Category Archives: cravings

The Kraken aka Sugar Beast

The deep brain desire for sugar does not ever entirely go away, though it can be, as it were, caged by denial of sugar-starch-artificial sweeteners. I am a writer who likes analogy, to have concrete mental images of those more abstract issues. For me, the Clash of the Titans movie, the first one I saw in 1981, had the beast, the Kraken, caged deep in the ocean by Poseidon who controlled it.  This was very powerful imagery;  as indeed all the Greek mythological gods and creatures were meant to  be.

As I struggled with a growing problem of cravings for carbohydrates, those urges/cravings were to me like the Kraken; if I could keep the beast caged, then I would be fine. Admittedly, it took me a while to figure out how to permanently lock the beast deep in my limbic brain. For me that is complete abstinence from modern sugars-starches, and all artificial sweeteners save a small amount of stevia.

Like the mythological Kraken, this is no beast to toy with; either it is caged, or it is running rampant over the landscape of my brain. For me it is extremely destructive on several levels, not the least of which is weight gain. Indeed, many people suffer from mental health issues that seem to miraculously go away once they go on a ketogenic or  very low carbohydrate paleo-type food plan.

So, if you are  also in the throes of the Kraken, be assured you, too, can cage the beast; but, beware, open the cage a little and it will come roaring to the surface once again, more powerful than ever.

Yours in being in control,

Nan aka Sugarbaby

More on Why Artificial Sweeteners May Worsen Cravings

Here is the article:

The brain knows when it needs sugar and can’t be fooled by artificial sweeteners, even if it is sweeter than real sugar.
A new study has found that the brain can differentiate between real and artificial sugar. What’s worse? Eating food with artificial sweeteners will only increase cravings for sugary treats later.
The brain’s reward system is highly activated when the body receives a sugary solution rather than artificial sweeteners. Researchers at Yale University School of Medicine USA, believe that the research might explain the reason behind increasing obesity rates despite artificial sweeteners existing for years now.
Food seasoned with artificial sweeteners is extremely popular. In the U.S., about 30 percent of people eat stuff that has sugar substitutes. Previously, Yale Journal of Biology and Medicine, had published an article about artificial sweeteners’ effect on the body. Another recent study had found that drinking a can of diet soda can increase the risk of diabetes.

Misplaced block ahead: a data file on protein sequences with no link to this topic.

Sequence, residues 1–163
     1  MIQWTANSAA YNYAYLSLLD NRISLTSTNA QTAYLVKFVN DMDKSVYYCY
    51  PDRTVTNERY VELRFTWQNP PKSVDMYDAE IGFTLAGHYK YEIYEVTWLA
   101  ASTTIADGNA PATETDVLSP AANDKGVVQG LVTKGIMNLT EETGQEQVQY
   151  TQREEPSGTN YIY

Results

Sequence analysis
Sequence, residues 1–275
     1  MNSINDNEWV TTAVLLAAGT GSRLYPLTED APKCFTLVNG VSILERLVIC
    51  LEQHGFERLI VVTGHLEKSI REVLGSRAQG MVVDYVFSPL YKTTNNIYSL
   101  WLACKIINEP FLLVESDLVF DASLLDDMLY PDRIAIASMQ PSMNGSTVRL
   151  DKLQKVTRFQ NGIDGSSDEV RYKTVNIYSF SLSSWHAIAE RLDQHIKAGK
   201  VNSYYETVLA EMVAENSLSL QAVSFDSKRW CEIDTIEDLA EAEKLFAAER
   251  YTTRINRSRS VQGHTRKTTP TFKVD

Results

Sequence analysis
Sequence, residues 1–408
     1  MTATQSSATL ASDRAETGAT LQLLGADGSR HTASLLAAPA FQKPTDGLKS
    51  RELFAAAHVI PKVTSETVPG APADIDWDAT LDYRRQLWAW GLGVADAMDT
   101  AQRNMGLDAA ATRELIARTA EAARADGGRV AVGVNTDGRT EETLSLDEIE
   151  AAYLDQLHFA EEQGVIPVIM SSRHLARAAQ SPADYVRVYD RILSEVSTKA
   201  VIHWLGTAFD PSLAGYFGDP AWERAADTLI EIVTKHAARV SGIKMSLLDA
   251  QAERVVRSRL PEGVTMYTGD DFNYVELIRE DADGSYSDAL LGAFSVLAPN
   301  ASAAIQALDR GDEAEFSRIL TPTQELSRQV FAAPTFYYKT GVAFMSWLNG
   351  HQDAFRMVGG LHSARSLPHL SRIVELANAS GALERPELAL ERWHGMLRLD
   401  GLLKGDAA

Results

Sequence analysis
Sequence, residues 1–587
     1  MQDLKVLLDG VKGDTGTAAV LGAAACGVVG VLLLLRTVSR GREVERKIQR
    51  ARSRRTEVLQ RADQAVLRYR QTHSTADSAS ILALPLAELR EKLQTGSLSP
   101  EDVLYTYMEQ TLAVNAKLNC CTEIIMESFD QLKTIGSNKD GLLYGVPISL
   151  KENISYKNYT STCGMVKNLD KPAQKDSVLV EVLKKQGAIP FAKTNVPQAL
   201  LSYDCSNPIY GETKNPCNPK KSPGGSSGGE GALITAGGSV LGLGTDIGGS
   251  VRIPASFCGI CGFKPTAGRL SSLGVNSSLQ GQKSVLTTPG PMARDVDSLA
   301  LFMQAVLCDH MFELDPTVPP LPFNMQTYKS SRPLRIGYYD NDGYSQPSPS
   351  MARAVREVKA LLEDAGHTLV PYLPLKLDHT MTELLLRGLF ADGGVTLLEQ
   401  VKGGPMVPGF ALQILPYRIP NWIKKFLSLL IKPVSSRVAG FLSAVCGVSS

Researchers in the study argue that eating food containing artificial sweeteners, especially while you are hungry, will make you consume more sugar later.
In the study, researchers looked at specific brain signals that are associated with determining the difference between sugar and artificial sweeteners. These signals regulate the release of dopamine levels.
Dopamine is a chemical messenger and affects processes that control behavior, emotional response and more importantly the ability to feel pleasure. The chemical plays a major role in addiction.
The study was conducted on a group of mice and researchers looked for specific brain circuits while the mice were fed sugar or artificial sweeteners.
“According to the data, when we apply substances that interfere with a critical step of the ‘sugar-to-energy pathway’, the interest of the animals in consuming artificial sweetener decreases significantly, along with important reductions in brain dopamine levels,” said Ivan de Araujo, who led the study at Yale University School of Medicine USA.
“This is verified by the fact that when hungry mice – who thus have low sugar levels – are given a choice between artificial sweeteners and sugars, they are more likely to completely switch their preferences towards sugars even if the artificial sweetener is much sweeter than the sugar solution,” de Araujo said in a news release.
So, can there be a sugar substitute that can help people reduce weight without punishing the taste buds?